Your child has therefore just announced that he has become a vegetarian, in addition to being already picky eaters. And now?
Generally, a well-balanced vegetarian diet is low in saturated fat and high in vitamins, minerals, antioxidants, and fiber.
Here are some evidence-based tips to make sure your growing child gets the nutrients they need and how to help them expand their tastes.
What kind of vegetarians are they?
A vegetarian diet generally excludes all animal products, with the exception of dairy products (milk, cheese, yogurt) and eggs. However, there may be variations.
You can start by asking your child what’s in it and what’s not in their new diet. Will they still eat eggs, dairy, seafood or chicken? Don’t assume – your child’s interpretation of “vegetarian” may be slightly different from yours.
Careful planning required
Meat provides essential nutrients, so careful planning will be required. Children are still growing and need more nutrients (relative to their body weight) than adults, even though they consume less food overall.
Let’s start with proteins. In children 4 to 8 years old, estimated average need (sometimes abbreviated as EAR) is 0.73 grams of protein per kilogram of body weight per day.
Boys aged 9 to 13 need about 0.78 g of protein per kilogram of body weight, while boys aged 14 to 18 need about 0.76 g of protein per kilogram of body weight body per day.
Girls need about 0.61 g of protein per kilogram of body weight between the ages of 9 and 13 and 0.62 g of protein per kilogram of body weight between the ages of 14 and 18.
In contrast, men need about 0.68 g of protein per kilogram of body weight and women about 0.60 g of protein per kilogram of body weight.
There are still many good sources of protein for vegetarians. Each of them contains about 10 g of protein:
Meat is a good source of iron and zinc, so careful planning is needed to make sure vegetarians don’t miss them. Iron is of particular concern for menstruating girls, while zinc is of particular concern for boys because sexual maturation.
To maximize iron and zinc intake, try to make sure your child eats whole-grain foods rather than refined grains. For example, 100 g of a multigrain bun contains 4.7 mg of iron and 1.7 mg of zinc. In contrast, 100 g of a white bread roll contains 1.26 mg of iron and 0.82 mg of zinc.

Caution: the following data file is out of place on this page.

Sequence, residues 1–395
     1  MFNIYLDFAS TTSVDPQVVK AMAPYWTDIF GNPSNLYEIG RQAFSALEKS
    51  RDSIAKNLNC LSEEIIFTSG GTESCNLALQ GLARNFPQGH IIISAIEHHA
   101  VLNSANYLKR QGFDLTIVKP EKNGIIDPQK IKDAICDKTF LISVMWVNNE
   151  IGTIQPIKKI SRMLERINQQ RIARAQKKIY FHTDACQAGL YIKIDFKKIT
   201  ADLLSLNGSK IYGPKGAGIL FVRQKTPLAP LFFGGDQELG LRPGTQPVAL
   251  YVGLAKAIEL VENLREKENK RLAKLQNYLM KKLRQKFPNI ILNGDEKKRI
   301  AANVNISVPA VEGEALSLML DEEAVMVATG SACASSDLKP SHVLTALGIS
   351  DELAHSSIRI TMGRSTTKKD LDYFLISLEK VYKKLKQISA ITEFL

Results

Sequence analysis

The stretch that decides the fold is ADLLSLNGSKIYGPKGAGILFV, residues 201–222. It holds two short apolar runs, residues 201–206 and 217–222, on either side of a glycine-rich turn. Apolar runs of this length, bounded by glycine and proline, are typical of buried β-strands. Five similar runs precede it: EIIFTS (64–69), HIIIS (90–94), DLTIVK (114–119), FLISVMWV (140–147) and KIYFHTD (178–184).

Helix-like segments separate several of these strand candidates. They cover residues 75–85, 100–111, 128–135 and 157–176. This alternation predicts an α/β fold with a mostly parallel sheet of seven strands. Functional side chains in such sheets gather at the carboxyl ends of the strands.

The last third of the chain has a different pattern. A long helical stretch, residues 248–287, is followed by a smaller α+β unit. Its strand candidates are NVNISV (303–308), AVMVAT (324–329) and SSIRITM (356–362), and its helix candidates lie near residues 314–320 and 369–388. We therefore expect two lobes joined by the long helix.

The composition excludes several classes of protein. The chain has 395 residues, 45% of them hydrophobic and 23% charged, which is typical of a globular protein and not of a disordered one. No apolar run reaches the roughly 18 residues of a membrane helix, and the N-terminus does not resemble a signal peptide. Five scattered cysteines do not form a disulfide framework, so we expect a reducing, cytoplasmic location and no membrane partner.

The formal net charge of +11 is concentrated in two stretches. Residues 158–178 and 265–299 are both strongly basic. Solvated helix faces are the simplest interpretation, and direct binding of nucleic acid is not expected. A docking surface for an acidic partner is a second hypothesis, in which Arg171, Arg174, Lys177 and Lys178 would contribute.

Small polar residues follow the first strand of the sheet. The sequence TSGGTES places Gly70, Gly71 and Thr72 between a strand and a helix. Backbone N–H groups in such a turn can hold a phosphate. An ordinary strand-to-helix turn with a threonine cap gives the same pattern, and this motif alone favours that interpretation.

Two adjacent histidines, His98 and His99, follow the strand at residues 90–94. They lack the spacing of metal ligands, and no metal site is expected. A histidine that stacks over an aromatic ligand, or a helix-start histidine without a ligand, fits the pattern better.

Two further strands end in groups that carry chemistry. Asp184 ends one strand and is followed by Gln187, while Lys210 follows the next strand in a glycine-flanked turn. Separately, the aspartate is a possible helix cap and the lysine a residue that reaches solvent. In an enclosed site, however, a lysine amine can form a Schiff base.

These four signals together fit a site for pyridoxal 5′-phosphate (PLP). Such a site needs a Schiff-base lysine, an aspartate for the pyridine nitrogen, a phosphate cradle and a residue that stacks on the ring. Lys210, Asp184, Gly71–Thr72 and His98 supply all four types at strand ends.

Lentils, beans, nuts, and fortified cereals like Weet-Bix are good sources of iron and zinc.
Ask your child why he became a vegetarian
It is important to explore why your child is becoming a vegetarian; this may allow some trade-offs.
For example, if animal welfare is the primary concern, see if your child could accept a compromise that only one (large) animal is slaughtered and frozen, to be eaten as needed. The reason here is that only one animal was killed rather than many if you buy meat from smaller animals every week at the butcher or supermarket.
If your child is concerned about environmental impact and emissions, see if the whole family could reduce their meat consumption to save more emissions and have your child still eat meat from time to time.
Beef and lamb in particular are large contributors to greenhouse gas emissions, so switching to fish and chicken may be another strategy. You can replace the meat with beans, lentils and nuts. In addition to containing protein, they are also rich in fiber and antioxidants.
Or, you could consider getting backyard chickens to use up food scraps rather than going to the landfill, which will further reduce emissions and provide the family with eggs (a good source of protein ).
Reducing the consumption of certain processed and ultra-processed foods is another way to reduce environmental impact; producing, processing and transporting these foods requires a lot of energy. Cutting down on processed foods is also a healthier choice for the whole family.
If the reason is taste preferences, keep experimenting with different meats and cuts. Your child’s tastes will fluctuate over time. You might try new cooking techniques, different flavors, or new herbs and spices.
Get the kids involved
Involving your child in grocery shopping, recipe selection and cooking can help expand their tastes and ensure they are hitting the right food groups.
Depending on their age, you can also encourage your child to search reliable, evidence-based websites to find ideal replacement foods.
The Australian guide to healthy eating contains good information on food groups and non-meat protein sources such as beans, lentils, nuts and tofu.
For more detailed information, try the Australian Food Composition Database (formerly known as NUTTAB), an Australian government site that describes nutrient levels in foods. The National Health and Medical Research Council website can also be useful.
Any other foodie tips?
There is good, research-based strategies to help picky eaters.
You may need to offer your child new and unfamiliar foods several times before they try them. Don’t force them to eat it, but make sure it reappears on the plate in the future.
Set an example by eating new or unfamiliar foods yourself and make sure your family’s diet is balanced.
However, a vegetarian diet with too many processed and ultra-processed foods will always be unhealthy.
If you’re still concerned about your child’s diet, consult a registered dietitian for personalized advice.